A candidate for this year's national college entrance exam, the gaokao, is cheered up by teachers and parents before entering an exam site in Beijing on June 7, 2018. (Photo by Wang Jing/chinadaily.com.cn)
The gaokao, China's arduous college entrance exam taken by more than 9.75 million students this year, is increasingly being accepted for admission to U.S. universities.
The University of New Hampshire (UNH) recently announced it would start accepting gaokao scores as part of its application process this fall.
UNH is the first flagship U.S. state university and will join other American schools - such as Brigham Young University, the University of San Francisco and the Illinois Institute of Technology - that already accept gaokao scores in lieu of SAT or ACT as entrance criteria.
"The gaokao exam will take the place of the SAT or ACT (for Chinese students), however, admissions standards have not changed and remain high," Erika Mantz, the executive director of UNH's media relations, told China Daily. "Only students who meet the university's expectations and demonstrate a readiness for university-level work will be accepted."
Besides the gaokao, Chinese high school graduates are also required to have an in-person interview, submit an online English proficiency test as a substitute for the Test of English as a Foreign Language (TEEFL) or the International English Language Testing System (IELTS), and provide high school transcripts, according to the program's website.
Designed to attract
"This new program is designed to attract outstanding Chinese high school graduates who are considering a U.S. university after having taken the gaokao exam," said Mantz, adding that the university has streamlined the process so that applications from Chinese students who have taken the gaokao and do not get the results until late June, can be reviewed and processed more quickly.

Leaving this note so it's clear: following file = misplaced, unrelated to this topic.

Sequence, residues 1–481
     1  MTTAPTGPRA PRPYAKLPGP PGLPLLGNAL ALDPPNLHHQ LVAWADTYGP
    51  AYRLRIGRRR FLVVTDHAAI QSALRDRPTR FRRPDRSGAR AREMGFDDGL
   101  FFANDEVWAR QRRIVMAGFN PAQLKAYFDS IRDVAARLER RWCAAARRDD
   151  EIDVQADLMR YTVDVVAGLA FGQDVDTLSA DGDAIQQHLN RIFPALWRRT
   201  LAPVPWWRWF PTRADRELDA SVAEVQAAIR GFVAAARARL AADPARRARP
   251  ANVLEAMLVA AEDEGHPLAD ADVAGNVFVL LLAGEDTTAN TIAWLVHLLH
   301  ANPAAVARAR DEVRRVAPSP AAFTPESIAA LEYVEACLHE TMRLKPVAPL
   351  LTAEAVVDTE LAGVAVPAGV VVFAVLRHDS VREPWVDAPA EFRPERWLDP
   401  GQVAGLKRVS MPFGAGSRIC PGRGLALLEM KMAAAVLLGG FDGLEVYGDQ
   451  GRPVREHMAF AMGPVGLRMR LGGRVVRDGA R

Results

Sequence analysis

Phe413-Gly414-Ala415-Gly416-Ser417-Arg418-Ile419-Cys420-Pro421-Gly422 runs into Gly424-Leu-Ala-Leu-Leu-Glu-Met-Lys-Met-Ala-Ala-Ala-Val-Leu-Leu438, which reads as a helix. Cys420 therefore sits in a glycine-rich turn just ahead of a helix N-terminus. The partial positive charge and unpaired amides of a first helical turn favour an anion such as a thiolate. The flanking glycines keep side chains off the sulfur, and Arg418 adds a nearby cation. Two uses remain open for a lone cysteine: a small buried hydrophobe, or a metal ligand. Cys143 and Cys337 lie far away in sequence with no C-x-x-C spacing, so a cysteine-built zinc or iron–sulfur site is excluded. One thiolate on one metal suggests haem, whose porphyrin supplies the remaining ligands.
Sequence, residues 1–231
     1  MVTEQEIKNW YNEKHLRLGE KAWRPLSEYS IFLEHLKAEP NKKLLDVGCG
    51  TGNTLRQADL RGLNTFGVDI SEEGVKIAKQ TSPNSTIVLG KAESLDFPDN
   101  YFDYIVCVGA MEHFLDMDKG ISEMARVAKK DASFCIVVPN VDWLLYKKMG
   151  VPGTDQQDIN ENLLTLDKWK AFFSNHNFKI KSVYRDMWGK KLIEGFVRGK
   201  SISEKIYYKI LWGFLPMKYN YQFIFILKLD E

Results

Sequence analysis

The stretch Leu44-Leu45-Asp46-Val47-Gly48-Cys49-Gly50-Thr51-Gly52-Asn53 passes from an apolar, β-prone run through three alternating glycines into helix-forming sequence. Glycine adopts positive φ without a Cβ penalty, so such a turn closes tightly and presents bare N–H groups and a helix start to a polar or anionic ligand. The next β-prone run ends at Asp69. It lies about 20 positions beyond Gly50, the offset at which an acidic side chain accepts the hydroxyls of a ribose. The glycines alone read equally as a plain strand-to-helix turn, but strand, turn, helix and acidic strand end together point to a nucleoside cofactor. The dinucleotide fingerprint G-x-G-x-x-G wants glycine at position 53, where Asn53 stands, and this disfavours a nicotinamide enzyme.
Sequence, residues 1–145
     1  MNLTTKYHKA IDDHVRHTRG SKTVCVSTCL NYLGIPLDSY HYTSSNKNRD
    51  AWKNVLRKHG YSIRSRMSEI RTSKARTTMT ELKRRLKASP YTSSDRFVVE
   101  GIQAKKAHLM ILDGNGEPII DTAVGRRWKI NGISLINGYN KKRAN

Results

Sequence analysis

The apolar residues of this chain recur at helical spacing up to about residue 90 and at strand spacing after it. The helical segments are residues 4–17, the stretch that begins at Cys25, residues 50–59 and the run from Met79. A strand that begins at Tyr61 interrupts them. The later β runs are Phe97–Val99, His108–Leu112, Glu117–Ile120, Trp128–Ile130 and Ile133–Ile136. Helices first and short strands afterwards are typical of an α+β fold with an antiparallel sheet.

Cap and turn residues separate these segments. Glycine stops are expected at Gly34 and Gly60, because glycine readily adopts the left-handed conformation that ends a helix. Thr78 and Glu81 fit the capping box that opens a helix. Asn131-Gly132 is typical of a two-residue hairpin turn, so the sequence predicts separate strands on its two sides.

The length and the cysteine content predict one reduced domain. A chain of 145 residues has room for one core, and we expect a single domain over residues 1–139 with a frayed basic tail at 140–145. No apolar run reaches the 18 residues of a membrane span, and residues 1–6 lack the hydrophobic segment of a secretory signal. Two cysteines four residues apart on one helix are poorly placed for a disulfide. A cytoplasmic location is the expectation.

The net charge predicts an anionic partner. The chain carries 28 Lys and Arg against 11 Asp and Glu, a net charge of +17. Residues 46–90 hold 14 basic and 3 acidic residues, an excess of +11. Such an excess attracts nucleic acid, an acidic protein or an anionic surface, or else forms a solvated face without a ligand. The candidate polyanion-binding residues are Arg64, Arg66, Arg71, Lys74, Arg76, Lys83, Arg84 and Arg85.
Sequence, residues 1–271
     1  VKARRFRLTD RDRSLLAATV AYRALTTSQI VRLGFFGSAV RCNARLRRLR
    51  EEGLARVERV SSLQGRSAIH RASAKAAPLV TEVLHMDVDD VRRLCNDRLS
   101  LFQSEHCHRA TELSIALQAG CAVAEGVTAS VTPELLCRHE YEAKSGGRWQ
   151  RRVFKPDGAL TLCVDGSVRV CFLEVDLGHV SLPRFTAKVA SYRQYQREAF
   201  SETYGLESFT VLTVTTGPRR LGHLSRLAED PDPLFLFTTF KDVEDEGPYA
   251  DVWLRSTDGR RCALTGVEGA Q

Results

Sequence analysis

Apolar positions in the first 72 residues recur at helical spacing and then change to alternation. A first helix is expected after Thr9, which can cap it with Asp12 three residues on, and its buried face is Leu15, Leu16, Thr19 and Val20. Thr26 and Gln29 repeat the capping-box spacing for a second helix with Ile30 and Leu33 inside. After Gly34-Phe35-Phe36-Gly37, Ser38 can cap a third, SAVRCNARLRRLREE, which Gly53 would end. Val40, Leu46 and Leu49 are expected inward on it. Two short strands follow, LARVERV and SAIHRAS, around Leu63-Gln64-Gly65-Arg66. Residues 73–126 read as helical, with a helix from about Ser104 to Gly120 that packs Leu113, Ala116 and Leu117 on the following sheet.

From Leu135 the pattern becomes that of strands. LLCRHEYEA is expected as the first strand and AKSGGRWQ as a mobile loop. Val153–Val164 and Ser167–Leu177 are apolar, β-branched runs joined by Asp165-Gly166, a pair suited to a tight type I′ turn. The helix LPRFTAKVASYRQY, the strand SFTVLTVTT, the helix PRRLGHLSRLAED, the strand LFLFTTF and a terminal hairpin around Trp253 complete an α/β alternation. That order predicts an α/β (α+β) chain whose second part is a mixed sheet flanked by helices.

Another similar program provided by the University of San Francisco has accepted 33 Chinese students through their gaokao scores since the program was established in 2015.
"Collectively, the students who have entered USF through the gaokao admission program have achieved considerably higher results than the Chinese students admitted through the traditional admission process," said Jason Opdyke, assistant vice-president for international admission at the University of San Francisco.
"The combined grade point average of the gaokao students is nearly six-tenths of a point higher than the Chinese students who applied through the traditional admission process," he said.
"The gaokao admission program has been a success so far. We have met our goal of enrolling an average of five to 10 students per year, and as a collective group, they are outperforming our other Chinese students by a considerable margin," Opdyke said.
"The type of gaokao students we have targeted are bright students who were clearly prepared to succeed at the highest academic levels," he added.
"The UNH's program shows that more and more U.S. universities recognize scores from gaokao," said Jimmy Yuan, CEO of Key Review Inc, a study-abroad agency based in New York. "In recent years, more and more Chinese students who participated in gaokao decided to apply for U.S. schools afterward, especially when they were not satisfied with their results."
For students considering overseas study after the gaokao, applying for U.S. colleges with gaokao scores allows them to bypass spending a year studying U.S. standardized testing and TOEFL, IELTS or any other language assessment, saving them time and money.
"USF started our gaokao admission program as a way to target a small number of top Chinese students who did not get into their Chinese university of choice," Opdyke said. "We knew these students would be open to studying in the U.S. as an alternative but recognized that many did not want to spend an extra year preparing for the standardized tests that are typically required in order to go abroad."
For the U.S. universities, it also enables them to attract more Chinese students. With 377,000 currently enrolled in U.S. universities, they represent one-third of the international students in the U.S..
As international students often have to pay full tuition fees, they have been viewed as an important source of revenue for American universities.
UNH had 781 international students on campus last fall, double the figure from the five previous years. About half of those international students came from China.
International students at UNH pay more than $45,000 a year in tuition and housing.
International students contributed $36.9 billion to the U.S. economy last year, supporting more than 450,000 jobs, according to Esther D. Brimmer, executive director and CEO of the Association for International Educators. "Chinese students alone contribute $12 billion, alongside countless other benefits."